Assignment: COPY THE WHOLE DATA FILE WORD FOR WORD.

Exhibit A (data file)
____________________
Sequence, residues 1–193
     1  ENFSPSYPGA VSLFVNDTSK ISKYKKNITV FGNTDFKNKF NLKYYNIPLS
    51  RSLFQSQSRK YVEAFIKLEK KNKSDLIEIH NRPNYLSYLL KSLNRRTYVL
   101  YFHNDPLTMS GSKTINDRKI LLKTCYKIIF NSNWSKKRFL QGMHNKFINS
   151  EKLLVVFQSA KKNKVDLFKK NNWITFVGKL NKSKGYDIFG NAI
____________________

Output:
Sequence, residues 1–193
     1  ENFSPSYPGA VSLFVNDTSK ISKYKKNITV FGNTDFKNKF NLKYYNIPLS
    51  RSLFQSQSRK YVEAFIKLEK KNKSDLIEIH NRPNYLSYLL KSLNRRTYVL
   101  YFHNDPLTMS GSKTINDRKI LLKTCYKIIF NSNWSKKRFL QGMHNKFINS
   151  EKLLVVFQSA KKNKVDLFKK NNWITFVGKL NKSKGYDIFG NAI